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More than half of the firefighters in Prince Rupert, B.C., who were off sick this week are at the forefront of a wave of workers expected to fall ill because of COVID-19.

Firefighters, police and teachers are among those putting together contingency plans in case a significant number of employees call in sick as COVID-19 cases surge because of the Omicron variant.

B.C.’s provincial health officer Dr. Bonnie Henry warned this week that businesses, schools and health facilities could lose up to a third of their staff due to the rapid spread of the variant.

Professional Firefighters Association president Gord Ditchburn said Thursday that the new variant is affecting firefighters in communities across the province.

“It does have an impact, but we are mitigating that by having extra staff available. Departments are meeting their staffing needs in a variety of ways, either by using volunteers or overtime,” Ditchburn said in an interview.

The City of Prince Rupert said in a statement that five members returned to work Thursday, leaving eight of 20 firefighters are still isolating because of COVID-19.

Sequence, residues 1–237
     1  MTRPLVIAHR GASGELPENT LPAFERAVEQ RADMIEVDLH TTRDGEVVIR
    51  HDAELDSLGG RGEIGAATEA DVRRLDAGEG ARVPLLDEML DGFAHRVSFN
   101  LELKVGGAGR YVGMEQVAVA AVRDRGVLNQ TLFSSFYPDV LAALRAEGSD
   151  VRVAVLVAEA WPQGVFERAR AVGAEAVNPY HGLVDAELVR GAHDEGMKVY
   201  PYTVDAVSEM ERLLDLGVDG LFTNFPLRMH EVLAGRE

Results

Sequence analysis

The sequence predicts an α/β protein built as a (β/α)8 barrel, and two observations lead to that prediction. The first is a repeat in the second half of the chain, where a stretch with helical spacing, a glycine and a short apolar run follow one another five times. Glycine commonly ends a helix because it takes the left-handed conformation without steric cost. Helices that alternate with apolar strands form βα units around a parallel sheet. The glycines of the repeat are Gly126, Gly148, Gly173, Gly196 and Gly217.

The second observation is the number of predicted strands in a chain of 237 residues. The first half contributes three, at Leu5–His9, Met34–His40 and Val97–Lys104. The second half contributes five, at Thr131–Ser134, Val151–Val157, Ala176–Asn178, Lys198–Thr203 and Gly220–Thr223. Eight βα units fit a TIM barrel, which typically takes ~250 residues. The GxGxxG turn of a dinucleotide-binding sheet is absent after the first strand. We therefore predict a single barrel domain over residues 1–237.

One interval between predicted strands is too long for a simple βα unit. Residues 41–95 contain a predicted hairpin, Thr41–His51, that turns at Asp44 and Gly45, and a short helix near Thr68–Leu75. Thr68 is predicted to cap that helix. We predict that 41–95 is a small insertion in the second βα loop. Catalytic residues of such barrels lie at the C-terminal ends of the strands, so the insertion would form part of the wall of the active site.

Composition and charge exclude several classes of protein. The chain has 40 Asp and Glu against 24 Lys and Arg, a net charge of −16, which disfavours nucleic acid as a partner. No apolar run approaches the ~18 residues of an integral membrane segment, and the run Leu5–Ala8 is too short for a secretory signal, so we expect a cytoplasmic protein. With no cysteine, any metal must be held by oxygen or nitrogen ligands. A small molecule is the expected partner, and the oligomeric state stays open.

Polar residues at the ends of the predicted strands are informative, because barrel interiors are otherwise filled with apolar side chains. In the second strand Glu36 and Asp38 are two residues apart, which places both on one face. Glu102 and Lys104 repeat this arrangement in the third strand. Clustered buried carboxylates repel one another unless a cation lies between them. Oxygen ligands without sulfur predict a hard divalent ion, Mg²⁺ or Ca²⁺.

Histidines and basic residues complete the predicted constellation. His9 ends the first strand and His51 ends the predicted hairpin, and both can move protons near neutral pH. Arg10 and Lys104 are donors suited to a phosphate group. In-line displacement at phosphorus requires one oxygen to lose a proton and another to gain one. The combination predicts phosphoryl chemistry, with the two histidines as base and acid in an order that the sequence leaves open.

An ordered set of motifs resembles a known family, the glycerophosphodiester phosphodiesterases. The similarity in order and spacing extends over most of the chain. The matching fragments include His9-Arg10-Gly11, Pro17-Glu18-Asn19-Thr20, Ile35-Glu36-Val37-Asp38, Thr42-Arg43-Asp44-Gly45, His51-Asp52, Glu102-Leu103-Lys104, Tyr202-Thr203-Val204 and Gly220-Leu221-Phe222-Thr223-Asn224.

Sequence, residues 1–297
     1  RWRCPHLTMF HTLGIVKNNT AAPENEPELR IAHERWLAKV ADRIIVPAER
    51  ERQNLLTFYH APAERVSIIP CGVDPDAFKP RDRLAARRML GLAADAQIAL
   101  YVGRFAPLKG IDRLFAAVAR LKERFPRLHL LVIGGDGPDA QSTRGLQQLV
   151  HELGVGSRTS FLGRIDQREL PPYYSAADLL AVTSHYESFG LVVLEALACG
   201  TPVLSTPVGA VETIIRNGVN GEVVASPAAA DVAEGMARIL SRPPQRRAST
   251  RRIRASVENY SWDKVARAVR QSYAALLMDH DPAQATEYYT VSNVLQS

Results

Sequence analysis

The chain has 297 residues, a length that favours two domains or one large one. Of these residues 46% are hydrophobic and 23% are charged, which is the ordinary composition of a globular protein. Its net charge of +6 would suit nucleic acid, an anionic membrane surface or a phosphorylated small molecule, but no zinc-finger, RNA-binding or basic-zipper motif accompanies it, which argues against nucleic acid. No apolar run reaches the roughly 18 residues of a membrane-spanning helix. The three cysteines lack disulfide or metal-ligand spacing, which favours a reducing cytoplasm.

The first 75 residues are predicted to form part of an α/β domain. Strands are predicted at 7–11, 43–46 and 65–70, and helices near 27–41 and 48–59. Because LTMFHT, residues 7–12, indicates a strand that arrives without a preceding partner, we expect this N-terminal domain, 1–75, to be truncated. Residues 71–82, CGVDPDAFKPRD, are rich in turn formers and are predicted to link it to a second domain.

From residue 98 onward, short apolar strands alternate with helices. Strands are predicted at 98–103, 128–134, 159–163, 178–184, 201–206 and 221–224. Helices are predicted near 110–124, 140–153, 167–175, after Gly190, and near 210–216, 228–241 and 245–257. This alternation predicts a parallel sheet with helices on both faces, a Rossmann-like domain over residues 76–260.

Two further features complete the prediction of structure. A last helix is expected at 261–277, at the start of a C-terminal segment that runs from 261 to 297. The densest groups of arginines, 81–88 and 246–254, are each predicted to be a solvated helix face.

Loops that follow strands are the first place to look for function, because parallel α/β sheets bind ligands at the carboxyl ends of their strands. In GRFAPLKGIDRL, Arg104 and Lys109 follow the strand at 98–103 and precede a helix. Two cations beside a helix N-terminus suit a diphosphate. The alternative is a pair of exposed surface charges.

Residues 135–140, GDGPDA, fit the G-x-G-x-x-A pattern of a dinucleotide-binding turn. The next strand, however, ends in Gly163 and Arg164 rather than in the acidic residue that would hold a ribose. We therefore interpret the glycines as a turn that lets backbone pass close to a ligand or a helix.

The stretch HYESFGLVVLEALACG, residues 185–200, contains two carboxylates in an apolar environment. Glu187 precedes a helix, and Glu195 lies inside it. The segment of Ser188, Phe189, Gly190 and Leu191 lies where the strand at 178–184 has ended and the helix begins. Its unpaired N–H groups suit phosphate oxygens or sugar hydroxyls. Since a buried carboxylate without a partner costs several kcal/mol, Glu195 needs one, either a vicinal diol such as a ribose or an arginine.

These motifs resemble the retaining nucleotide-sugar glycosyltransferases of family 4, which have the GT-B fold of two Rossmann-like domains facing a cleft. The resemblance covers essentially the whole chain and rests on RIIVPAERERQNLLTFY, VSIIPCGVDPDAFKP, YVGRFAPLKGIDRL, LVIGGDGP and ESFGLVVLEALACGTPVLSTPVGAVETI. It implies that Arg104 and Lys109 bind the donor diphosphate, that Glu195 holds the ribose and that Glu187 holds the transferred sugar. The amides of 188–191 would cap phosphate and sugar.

It said the department is managing, but if it can’t address serious incidents with its staffing level, it has an agreement with the volunteer firefighting department in neighbouring Port Edward to help.

RCMP said it is also expecting a rise in employees requiring sick leave or time off due to exposure to the virus in B.C.

Sgt. Chris Manseau said in an e-mail the department is discussing the possibility of shifting resources to ensure proper staffing levels are maintained.

“Units have been asked to review their business continuity plans to ensure process and procedures are in place to maintain essential service levels where human resources are significantly reduced,” he said.

The RCMP also has “surge capacity” and can pull resources from around the province should they be needed.

School attendance has been phased in across the province, with the full return to in-person learning starting Jan. 10.

Teri Mooring, president of the BC Teachers’ Federation, said teachers are using this week to plan for what will happen if there is a “functional closure” of schools caused by staff shortages and they are forced back into online learning.

“We just don’t have enough replacement teachers on-call to fill in for people when they’re away. We don’t have enough during non-pandemic times, we certainly don’t have enough during pandemic times,” Mooring said.

She is calling for the province to prioritize booster shots for teachers, provide N95 masks to educators and ensure proper air filters are installed in schools in an attempt to prevent closures.

“We’re hearing from the province and from the provincial health office that schools are a top priority for remaining open and yet we’re continuing to see a reluctance to put additional safety measures in place that not only make sense but would be fairly easy to do,” she said.

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